To back up my wordpress install, i used to do a mysqldump of the DB, bzip it, separately tar/bzip the install directory and rsync the timestamped files to my backup server. This has worked well and was a simple enough setup. A couple of days ago, however, i decided to update wordpress and all extensions and noticed that some of my manual tweaks were gone.
Now, i have to say that the install/upgrade system of wordpress is one of the simplest and troublefree i've used in both commercial and free software — this is not a complaint about that system. Clearly I manually tweaked files, which means i inherited the responsibility of migrating those tweaks forward. But it did get me thinking about a different upgrade strategy. But even though I have the backups to determine the changes i had to re-apply, the process was annoying. Untar the backup and manually run diffs between live and backup. The task reminded me too much of how I deal with code changes, so why wasn't I treating this like code?
A blog is (mostly) an append-only system
Sure, there's some editing, but most of it is already revisioned, which makes it append only. That means storage of all wordpress assets, including the DB dump should make it an ideal candidate for revision control. Most of the time, the only changes are additions, and if files are actually changed it does represent an update of an existing system and should be tracked with change history. If the live install was under revision control you could just run the upgrade, do a diff to see the local changes and tweak/revert them one at a time, the commit the finished state.
Setting up git and importing old revisions
My hierarchy looks like this:
.../iloggable/ /wordpress /backup
Inside backup, I kept the tar'ed up copies of the
wordpress directory with date suffix, as well as dated, bzipped mysqldumps of the DB. I generally deleted older backups after rsync, since on the live server i only cared about having the most recent backup.
First thing i did was create a mirror of this hierarchy. I used an old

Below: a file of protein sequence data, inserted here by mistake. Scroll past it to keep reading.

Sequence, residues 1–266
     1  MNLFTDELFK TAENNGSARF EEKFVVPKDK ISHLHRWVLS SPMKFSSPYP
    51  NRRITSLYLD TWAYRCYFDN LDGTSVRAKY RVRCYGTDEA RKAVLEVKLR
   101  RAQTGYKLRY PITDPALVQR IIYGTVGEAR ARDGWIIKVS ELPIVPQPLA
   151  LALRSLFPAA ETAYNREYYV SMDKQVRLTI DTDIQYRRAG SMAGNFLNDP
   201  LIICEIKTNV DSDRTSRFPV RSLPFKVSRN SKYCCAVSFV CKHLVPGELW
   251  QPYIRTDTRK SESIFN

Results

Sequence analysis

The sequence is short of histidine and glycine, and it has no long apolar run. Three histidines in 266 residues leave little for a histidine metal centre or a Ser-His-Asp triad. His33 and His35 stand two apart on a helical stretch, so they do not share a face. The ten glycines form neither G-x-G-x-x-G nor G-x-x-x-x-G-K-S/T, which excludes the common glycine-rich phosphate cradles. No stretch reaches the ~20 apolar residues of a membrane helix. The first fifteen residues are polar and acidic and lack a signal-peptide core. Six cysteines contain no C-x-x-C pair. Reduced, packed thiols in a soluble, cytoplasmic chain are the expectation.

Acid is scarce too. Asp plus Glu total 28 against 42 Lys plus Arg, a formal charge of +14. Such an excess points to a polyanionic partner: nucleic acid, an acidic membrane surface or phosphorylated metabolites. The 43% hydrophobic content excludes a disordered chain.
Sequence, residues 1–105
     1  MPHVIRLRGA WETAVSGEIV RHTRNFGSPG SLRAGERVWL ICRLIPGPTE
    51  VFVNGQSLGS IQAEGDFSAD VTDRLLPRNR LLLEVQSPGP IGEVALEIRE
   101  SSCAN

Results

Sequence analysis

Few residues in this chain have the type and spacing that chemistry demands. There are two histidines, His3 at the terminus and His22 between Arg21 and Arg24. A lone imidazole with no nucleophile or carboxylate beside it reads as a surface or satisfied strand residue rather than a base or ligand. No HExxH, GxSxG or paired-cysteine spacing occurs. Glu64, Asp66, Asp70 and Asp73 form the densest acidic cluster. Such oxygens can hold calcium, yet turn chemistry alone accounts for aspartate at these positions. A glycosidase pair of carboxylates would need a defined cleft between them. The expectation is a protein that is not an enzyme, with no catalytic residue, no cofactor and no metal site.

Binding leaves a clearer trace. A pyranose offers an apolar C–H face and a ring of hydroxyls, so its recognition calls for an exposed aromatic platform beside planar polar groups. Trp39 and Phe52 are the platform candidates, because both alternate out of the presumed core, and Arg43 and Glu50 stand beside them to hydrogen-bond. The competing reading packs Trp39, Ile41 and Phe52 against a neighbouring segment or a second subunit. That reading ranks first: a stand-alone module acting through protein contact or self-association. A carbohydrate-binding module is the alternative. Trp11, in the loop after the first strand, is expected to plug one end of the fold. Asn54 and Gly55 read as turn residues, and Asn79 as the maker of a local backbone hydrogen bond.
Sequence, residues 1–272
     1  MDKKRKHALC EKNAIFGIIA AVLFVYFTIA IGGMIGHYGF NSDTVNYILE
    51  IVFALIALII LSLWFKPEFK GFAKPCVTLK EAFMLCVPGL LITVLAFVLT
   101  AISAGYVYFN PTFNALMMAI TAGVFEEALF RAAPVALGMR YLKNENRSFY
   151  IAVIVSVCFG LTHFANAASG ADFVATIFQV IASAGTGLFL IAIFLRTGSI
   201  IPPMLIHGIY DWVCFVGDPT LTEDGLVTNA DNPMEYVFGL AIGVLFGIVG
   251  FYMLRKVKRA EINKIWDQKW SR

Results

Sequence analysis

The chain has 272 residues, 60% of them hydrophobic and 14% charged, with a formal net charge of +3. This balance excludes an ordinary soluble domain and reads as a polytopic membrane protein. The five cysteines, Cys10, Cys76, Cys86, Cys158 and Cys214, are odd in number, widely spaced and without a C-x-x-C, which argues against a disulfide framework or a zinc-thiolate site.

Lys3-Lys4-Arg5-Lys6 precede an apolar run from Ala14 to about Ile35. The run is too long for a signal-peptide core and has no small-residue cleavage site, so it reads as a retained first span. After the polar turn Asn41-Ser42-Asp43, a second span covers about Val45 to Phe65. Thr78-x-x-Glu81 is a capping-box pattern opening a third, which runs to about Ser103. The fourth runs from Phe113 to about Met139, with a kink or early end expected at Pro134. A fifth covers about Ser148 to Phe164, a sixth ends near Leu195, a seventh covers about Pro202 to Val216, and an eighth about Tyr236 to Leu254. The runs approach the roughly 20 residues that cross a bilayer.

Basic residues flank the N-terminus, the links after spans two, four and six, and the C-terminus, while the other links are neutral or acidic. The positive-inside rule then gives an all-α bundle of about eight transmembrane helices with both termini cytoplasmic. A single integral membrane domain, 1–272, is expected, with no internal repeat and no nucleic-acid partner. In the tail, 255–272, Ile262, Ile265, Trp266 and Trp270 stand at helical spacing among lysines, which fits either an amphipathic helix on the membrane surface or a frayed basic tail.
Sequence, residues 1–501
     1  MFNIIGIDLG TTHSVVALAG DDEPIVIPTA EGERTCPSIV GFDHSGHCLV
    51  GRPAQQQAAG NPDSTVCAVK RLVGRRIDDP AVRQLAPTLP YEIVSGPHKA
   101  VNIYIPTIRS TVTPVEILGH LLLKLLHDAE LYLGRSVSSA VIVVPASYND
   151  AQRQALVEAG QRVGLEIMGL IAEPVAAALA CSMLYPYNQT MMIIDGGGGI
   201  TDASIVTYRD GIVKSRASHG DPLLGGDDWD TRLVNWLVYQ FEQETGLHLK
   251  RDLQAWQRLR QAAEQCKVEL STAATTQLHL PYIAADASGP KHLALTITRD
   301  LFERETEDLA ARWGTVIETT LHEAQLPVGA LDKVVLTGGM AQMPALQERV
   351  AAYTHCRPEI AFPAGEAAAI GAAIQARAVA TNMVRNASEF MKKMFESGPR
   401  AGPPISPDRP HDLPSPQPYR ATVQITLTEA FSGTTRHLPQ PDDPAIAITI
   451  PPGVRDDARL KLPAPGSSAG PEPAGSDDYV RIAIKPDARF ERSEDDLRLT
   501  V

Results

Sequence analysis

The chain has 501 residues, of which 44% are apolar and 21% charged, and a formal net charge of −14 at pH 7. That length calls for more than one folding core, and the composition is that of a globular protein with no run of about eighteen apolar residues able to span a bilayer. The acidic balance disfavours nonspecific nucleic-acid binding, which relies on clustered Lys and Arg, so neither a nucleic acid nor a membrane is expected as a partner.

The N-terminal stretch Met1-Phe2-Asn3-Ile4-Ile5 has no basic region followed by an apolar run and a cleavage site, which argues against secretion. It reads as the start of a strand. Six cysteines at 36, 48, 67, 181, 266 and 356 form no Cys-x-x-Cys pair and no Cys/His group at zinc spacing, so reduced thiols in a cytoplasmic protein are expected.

wordpress tar for the wordpress directory and bunzipped the db archive from the same date as
iloggable.sql as the only file in backup, since for the git repo i no longer needed the other backups, only the most current database dump. I then ran git init inside of
iloggable. I also created
wordpress/wp-content/cache in it to avoid capturing the cache data.
I added all files and committed this state. I then unarchived the subsequent archives, copied them on top of the mirror hierarchy and added/committed those files in succession. At this point i had created a single git repo of the backup history I had. Now i could review previous states via
git log and
Turning the live copy into the git repo
Finally, i copied the
.git directory into the live hierarchy. Immediately, doing git status, it showed me the changes on production since the last backup. I deleted all the old and again added/committed the resulting "changes". That gave me a git repo of the current state, that I pushed to my back-up server.
Now, my backup script just overwrites the current mysqldump, does a
git commit -a -m'$timestamp' and
git push. From now on, as i do tweaks, or upgrade wordpress, i can do a git commit before and after and I have an exact change history for the change.